Children leave foster care to rejoin parents
Daily Journal, The (Vineland, NJ)
Author: ANGELA DELLI SANTIThe Daily Journal
GLASSBORO -- Danielle Maslow watched her 8-year-old son slowly sound out the words in a puzzle book he had just been given at a party thrown by an agency that helps struggling families get back together.
It was a simple pleasure, watching Jamie play and learn, but one Maslow missed for 18 months while the two were separated and the boy was in foster care because of Maslow's drug addiction.
"Last year at this time I was homeless and I didn't have my son -- I had nothing," said Maslow, who now lives with her son and fiance in Haddon Heights, is expecting a baby girl in February and has been off crack cocaine for 15 months. "We're a family now."
Jamie, a third-grader in special education in Mount Holly, is among 7,737 children who left foster care in 2006, the majority of whom returned home, according to the Department of Children and Families. Children who enter foster care at his age typically spend about 11 months in out-of-home placements; they are most often removed from their homes because of neglect.
In the Maslows' case, Danielle called the Division of Youth and Family Services (DYFS) herself, asking the agency to place Jamie in foster care after she relapsed into serious drug abuse.
With no home of her own, she crashed on her brother's couch while waiting for a spot in a rehab facility to open up. She spent the next year getting clean and proving to DYFS that she could be trusted again with her own child.
Unlike those who think DYFS rips families apart, Maslow is convinced that in the long run, the agency kept hers together.
She found support through Robins' Nest, a Glassboro-based social services agency contracted by the Children and Families to help reunite families separated because of neglect or abuse.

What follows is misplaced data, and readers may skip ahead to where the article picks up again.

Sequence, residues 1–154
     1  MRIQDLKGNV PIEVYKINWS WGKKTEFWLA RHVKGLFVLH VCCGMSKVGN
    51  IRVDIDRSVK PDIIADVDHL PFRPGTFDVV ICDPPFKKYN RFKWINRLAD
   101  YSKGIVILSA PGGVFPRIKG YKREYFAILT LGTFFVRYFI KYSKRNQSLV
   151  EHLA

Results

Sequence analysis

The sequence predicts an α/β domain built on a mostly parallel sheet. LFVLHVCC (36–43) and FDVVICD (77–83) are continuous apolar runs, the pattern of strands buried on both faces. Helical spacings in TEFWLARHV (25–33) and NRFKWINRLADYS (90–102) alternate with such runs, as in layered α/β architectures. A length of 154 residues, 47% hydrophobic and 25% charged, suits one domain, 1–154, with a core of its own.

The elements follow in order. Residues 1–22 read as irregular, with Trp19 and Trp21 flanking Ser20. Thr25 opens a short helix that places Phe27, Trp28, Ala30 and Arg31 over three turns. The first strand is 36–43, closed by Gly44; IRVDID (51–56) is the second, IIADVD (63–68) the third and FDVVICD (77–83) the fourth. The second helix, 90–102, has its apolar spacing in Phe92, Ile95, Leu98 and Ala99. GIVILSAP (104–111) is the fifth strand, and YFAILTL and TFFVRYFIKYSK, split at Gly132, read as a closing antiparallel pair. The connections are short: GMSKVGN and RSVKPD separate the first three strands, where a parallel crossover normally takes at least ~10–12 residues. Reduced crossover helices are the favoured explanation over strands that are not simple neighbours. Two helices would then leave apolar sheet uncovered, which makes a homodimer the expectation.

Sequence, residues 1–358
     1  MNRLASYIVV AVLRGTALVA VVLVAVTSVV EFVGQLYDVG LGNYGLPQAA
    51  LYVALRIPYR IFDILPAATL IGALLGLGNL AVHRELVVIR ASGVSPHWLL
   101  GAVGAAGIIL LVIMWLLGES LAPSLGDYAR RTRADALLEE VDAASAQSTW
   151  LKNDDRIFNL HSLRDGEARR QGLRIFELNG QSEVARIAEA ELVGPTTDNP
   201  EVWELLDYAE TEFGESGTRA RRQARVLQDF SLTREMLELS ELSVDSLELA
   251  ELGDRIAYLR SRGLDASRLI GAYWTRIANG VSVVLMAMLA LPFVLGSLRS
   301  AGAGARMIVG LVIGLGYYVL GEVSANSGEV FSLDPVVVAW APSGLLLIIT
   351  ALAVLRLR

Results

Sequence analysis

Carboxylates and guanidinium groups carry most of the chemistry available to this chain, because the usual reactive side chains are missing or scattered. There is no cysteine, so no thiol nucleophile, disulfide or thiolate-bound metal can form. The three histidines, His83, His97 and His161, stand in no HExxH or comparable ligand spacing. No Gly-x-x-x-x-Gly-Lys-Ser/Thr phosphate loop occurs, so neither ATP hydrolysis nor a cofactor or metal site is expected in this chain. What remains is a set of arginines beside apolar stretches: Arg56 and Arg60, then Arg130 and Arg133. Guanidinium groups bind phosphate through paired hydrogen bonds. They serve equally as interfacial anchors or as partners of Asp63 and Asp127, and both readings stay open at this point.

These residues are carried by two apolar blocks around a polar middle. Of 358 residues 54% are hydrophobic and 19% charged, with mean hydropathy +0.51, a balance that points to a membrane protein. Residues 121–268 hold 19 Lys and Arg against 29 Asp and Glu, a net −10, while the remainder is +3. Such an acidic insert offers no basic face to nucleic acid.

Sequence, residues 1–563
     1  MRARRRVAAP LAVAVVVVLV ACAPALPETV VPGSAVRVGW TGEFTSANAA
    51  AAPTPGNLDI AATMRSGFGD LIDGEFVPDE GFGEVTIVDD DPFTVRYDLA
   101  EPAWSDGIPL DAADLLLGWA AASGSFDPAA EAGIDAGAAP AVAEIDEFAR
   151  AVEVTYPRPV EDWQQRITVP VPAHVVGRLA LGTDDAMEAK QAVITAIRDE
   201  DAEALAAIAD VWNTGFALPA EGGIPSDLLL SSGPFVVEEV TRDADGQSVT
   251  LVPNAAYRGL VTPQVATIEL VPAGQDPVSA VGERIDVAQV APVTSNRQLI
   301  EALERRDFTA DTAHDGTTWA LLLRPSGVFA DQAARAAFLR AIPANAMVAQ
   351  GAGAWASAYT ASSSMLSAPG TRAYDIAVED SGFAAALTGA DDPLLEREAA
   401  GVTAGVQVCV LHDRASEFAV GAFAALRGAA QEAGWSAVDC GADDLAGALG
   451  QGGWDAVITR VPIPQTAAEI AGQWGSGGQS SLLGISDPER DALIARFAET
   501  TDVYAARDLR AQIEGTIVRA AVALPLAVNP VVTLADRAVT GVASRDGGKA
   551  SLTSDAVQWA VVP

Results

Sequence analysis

"Reunification will always be the goal as long as it's possible," said Kate Bernyk, a spokeswoman for Children and Families. The agency co-hosted "Home for the Holidays" parties in Glassboro and South Orange attended by 42 families reunited this year.
Children and Families pays agencies like Robins' Nest and Family Connections in Essex County to provide pre- and post-reunification services to children and parents. Those services include parenting classes, counseling and supervised visits; making sure children have pediatricians and medical insurance; linking parents to services such as welfare, food stamps and Medicaid; and ensuring adequate housing.
"We move from fully supervised visits to partially supervised visits to overnights and weekends," said Marlene Seamans-Conn, program director of Family Ties, a component of Robins' Nest. "We gradually shift the parenting responsibilities back to the parent. It's a nice transition over the course of several months, with the goal being total unification."
Family Connections maintains a remodeled Victorian house, Reunity House in South Orange, where parents and children can interact in a home setting during supervised visits while the children are still in foster care, said Jennifer Kerr, who manages Reunity House.
Cecilia Zalkind, executive director of the Association for Children of New Jersey, a children's advocacy group, applauds the use of independent community agencies to help support struggling families.
"I think it is very difficult for DYFS to be a policing agency and a family support agency," she said. "These programs have had great success in engaging families in services they need to get their children back, and provide an important source of support afterward."
Robins' Nest and Family Connections maintain contact with families long after the state decides they can be reunited. Weekly home visits continue for months afterward, before tapering off to telephone contact. Kerr said Family Connections stays in contact with its clients for "at least a year" after reunification.
The families at the parties were testimony to the success such reunification programs can have.
"This sends out a powerful message that parents really can reconnect with their children if they work hard on their issues," Seamans-Conn said.